Vatican City Conducts ‘Successful’ Nuclear Test

CHRISTMAS ISLAND - Speaking from Saint Peter’s Basilica this morning, Pope Francis announced the Vatican has carried out a series of successful nuclear tests off the coast of Christmas Island. Pope Francis said Vatican City’s modest army, known as the Pontifical Swiss Guard, detonated three thermonuclear warheads in a reef located one hundred miles south of the tropical island this week.

A spokesman for the Vatican, Father Federico Lombardi, said the tests were carried out by an elite unit within the Swiss Guard and added that the Catholic Church’s stance on nuclear disarmament remains the same. “The position of the Holy See is that these weapons must only be used as a deterrent against evil,” Father Lombardi said.

With a population of 842, Vatican City is the smallest internationally recognized city-state in the world. The Pontifical Swiss Guard, a small security force made up of Swiss army personnel, serves as the de facto military of Vatican City. The entire force consists of just over 110 soldiers and is primarily responsible for protecting the Pope and the Apostolic Palace.

The Vatican’s admission that it conducted a nuclear weapons test makes it the tenth nation to possess such weapons. As to exactly how many weapons the Vatican has in its possession, as well as where it is keeping them, remains a mystery. “Vatican City is only about one hundred and nine acres,” CNN Military Analyst Peter Mansoor said. “It’s hard to imagine they’d have room to store a warhead, let alone multiple ICBM platforms.”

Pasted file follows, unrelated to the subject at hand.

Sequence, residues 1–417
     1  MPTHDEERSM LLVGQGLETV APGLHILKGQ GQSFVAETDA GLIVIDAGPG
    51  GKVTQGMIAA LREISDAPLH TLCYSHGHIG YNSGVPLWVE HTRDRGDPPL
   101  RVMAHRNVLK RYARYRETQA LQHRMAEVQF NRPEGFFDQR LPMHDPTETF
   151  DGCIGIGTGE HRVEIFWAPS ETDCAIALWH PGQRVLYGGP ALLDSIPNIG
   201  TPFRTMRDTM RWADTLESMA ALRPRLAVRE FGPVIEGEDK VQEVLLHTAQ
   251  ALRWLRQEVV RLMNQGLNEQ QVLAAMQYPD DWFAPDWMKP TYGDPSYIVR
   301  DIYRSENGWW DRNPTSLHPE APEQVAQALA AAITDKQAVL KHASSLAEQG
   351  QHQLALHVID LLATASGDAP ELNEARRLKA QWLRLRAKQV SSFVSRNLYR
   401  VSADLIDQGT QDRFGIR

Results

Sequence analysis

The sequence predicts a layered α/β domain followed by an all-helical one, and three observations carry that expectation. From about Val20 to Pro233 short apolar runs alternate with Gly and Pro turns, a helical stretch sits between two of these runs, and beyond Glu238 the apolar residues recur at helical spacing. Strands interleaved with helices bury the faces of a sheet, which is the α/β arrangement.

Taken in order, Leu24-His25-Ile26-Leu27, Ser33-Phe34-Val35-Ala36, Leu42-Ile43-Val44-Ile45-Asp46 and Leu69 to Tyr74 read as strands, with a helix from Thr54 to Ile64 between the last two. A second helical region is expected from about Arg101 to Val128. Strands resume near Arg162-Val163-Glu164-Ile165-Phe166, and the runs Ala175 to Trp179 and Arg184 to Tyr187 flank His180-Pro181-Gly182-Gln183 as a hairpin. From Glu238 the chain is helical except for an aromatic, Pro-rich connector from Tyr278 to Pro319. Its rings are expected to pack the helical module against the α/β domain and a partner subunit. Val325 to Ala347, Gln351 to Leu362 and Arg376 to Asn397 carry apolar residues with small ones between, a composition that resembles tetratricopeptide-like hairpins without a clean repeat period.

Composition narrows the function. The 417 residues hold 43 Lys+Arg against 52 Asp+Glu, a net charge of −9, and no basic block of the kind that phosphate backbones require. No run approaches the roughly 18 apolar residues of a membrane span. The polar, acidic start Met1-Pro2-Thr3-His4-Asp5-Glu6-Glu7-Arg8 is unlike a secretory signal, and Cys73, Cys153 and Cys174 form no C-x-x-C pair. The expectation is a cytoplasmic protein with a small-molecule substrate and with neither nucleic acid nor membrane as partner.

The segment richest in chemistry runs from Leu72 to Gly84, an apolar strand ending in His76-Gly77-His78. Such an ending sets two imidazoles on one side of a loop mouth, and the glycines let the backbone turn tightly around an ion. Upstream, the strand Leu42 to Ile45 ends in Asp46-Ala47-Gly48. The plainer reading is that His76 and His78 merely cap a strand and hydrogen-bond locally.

It remains unclear as to how the Vatican and the Swiss Guard were able to produce a nuclear weapon in the first place, but experts, including Mansoor, believe the city-state may have had help. “They definitely had some sort of assistance. Whether it was logistical or financial or both, we may never know.”

R. Hobbus J.D.

Investigative Journalist

R. Hobbus J.D. is an internationally acclaimed independent investigative journalist specializing in international politics, health, business, science, conflict resolution, history, geography, mathematics, social issues, feminism, space travel, civil rights, human rights... more


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